Noncompetitive Enzyme Inhibition

Noncompetitive Enzyme Inhibition


Hi, this is Dr. Vijay. Today we’re going to study about noncompetitive
enzyme inhibition. In the noncompetitive enzyme inhibition, an
inhibitor molecule binds to an example other than substrate binding site or active site. So, this binding could be to the free enzyme
itself or even this binding of noncompetitive inhibitor to the enzyme substrate complex,
whereas in competitive inhibitor, inhibitor binds to active site, here noncompetitive
enzyme inhibition, inhibitor molecule binds to a site other than active site and this
binding either to the free enzyme or even after enzyme substrate complex formation. Unlike competitive inhibitor, these noncompetitive
inhibitors are not structural analogues of that substrate. So, their structure is not similar to substrates. So, let me explain this noncompetitive enzyme
inhibition mechanism. We have an enzyme here. Normally substrate binds to enzyme and forms
enzyme substrate complex, later it will give enzyme and product. This is the usual mechanism. You might have noticed in the enzyme other
than active site, this particular enzyme also has got another binding site sometimes we
call it as allosteric binding site or allosteric site, that we will discuss when we discuss
enzyme regulation. Here we have an inhibitor and this inhibitor
can bind to free enzyme and forms enzyme inhibitor complex. You might have noticed here this inhibitor
molecule is not binding to the active site of an enzyme, it binds to a separate site
and forms enzyme inhibitor complex and as I said earlier, this inhibitor can bind to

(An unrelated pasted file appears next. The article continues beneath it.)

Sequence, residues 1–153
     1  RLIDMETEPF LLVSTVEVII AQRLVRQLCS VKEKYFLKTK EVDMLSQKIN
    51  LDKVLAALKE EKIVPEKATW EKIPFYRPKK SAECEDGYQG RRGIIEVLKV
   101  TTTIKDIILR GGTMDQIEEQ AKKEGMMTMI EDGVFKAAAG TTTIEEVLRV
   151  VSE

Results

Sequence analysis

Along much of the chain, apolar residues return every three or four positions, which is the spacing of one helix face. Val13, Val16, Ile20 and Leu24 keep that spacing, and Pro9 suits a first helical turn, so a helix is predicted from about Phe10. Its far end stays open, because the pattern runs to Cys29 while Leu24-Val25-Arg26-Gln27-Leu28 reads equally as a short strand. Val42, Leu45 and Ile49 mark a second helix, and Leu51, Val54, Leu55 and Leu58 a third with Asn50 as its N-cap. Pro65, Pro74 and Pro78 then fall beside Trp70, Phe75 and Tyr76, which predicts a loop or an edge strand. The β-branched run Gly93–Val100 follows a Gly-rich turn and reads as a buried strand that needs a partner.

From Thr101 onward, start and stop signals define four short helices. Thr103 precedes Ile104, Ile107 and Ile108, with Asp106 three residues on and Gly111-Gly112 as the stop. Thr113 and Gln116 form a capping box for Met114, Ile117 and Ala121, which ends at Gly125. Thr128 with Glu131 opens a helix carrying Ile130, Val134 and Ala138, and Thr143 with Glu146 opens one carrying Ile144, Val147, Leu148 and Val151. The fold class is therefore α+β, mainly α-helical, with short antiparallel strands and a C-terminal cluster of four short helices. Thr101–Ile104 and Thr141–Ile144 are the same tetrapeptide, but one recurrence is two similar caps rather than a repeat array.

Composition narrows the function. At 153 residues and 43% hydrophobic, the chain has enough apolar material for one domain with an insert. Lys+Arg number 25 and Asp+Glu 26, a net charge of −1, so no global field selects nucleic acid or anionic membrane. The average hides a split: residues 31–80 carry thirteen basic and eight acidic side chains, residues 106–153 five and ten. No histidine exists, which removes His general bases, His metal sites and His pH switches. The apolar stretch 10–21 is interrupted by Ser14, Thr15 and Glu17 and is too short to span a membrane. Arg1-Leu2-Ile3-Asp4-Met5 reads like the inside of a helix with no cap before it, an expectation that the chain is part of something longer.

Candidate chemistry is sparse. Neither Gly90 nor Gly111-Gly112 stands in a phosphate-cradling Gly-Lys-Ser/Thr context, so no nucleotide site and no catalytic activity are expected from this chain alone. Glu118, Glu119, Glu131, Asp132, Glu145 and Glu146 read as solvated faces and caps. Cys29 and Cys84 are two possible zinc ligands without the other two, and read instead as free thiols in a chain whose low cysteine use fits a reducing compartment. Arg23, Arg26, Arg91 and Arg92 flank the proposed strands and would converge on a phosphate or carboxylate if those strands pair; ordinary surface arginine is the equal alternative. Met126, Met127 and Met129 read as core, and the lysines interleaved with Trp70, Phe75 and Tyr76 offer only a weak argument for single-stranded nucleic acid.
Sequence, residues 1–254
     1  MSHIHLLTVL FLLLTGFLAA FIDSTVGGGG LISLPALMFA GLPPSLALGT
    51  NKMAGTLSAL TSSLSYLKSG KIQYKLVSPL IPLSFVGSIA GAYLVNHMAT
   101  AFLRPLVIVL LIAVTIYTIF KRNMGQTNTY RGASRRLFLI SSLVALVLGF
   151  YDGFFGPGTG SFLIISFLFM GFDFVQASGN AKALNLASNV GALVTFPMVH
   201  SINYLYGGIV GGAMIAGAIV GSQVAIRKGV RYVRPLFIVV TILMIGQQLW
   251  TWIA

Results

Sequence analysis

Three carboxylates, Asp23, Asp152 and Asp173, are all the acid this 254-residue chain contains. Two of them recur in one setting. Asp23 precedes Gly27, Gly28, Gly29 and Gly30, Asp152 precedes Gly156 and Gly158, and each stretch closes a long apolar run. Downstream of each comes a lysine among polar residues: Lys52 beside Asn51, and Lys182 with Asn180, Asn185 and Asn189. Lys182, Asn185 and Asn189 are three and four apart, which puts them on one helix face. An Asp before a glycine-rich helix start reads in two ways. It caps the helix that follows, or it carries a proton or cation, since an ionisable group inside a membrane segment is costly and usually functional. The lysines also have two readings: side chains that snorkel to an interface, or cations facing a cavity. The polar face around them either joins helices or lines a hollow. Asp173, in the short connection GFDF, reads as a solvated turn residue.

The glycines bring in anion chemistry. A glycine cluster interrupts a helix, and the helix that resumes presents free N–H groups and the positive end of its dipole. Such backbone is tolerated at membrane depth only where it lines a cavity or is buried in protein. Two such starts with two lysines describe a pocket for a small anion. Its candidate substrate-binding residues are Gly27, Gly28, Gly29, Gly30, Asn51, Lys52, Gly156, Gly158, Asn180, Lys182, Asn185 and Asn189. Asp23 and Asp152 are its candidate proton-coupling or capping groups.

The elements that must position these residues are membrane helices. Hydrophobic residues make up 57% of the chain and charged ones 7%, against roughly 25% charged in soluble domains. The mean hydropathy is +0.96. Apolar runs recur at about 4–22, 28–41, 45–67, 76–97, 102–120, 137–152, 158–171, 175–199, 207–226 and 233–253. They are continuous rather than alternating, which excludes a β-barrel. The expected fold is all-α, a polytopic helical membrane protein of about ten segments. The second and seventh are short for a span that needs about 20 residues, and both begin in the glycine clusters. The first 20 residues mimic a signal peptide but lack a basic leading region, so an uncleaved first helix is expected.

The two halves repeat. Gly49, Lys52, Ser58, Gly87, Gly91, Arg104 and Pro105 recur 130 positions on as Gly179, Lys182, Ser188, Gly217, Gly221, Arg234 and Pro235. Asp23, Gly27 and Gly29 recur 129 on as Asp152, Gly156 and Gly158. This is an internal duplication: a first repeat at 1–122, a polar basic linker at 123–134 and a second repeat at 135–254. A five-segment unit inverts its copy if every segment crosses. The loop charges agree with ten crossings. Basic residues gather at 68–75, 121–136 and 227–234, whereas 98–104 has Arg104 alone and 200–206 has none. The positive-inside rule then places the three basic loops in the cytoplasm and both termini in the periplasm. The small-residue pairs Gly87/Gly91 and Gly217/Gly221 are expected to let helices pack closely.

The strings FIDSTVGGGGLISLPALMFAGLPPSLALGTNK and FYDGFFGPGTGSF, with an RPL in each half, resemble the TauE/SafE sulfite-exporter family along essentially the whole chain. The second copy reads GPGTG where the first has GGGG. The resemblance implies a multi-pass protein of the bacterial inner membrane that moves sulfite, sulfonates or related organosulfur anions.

free enzyme or even it can bind to enzyme substrate complex and forming enzyme inhibitor
substrate complex, OK. There are 2 possibilities here, either enzyme
inhibitor complex or enzyme inhibitor substrate complex. Even enzyme inhibitor complex formed then
also substrate can bind but, in both cases, there is no product formation. In other words, there is decrease in the rate
of enzyme catalyzed reaction. Here you can see; the inhibitor has same affinity
for both the enzyme as well as enzyme substrate complex. Binding of inhibitor to the enzyme or to the
enzyme substrate complex inactivate this enzyme or decrease the function of enzyme there by
there will not be any product and you should remember here there is no competition between
inhibitor and the substrate for the active site. We will study this noncompetitive enzyme inhibition
mechanism with the help of enzyme kinetics. Normally enzyme catalyzed reaction without
inhibitors graph is like this. It is a hyperbolic curve, where we can see
the maximum velocity, that is zero order kinetics. If you add an inhibitor to this particular
reaction the graph could be like this. You can see here, there is decrease in the
maximum velocity when inhibitor is added, so which type of inhibitor it is noncompetitive
inhibitor. When noncompetitive added there is decrease
in the maximum velocity. So, half max for the normal catalyze, enzyme
catalyzed reaction is here, whereas half max with the noncompetitive inhibitor is here. Now what happens to Km value? You can see the Km value or Michaelis Menten
value with inhibitor or without inhibitor is same in case of noncompetitive enzyme inhibition. Even though there is decrease in maximum velocity
or Vmax but the Km or affinity for the enzyme is same in both with inhibitor and without
noncompetitive inhibitor. So, in this case there is no change in the
Km value but there is decrease in the Vmax. We can explain the mechanism of noncompetitive
enzyme inhibition even by double reciprocal plot or Lineweaver-Burk plot, where we are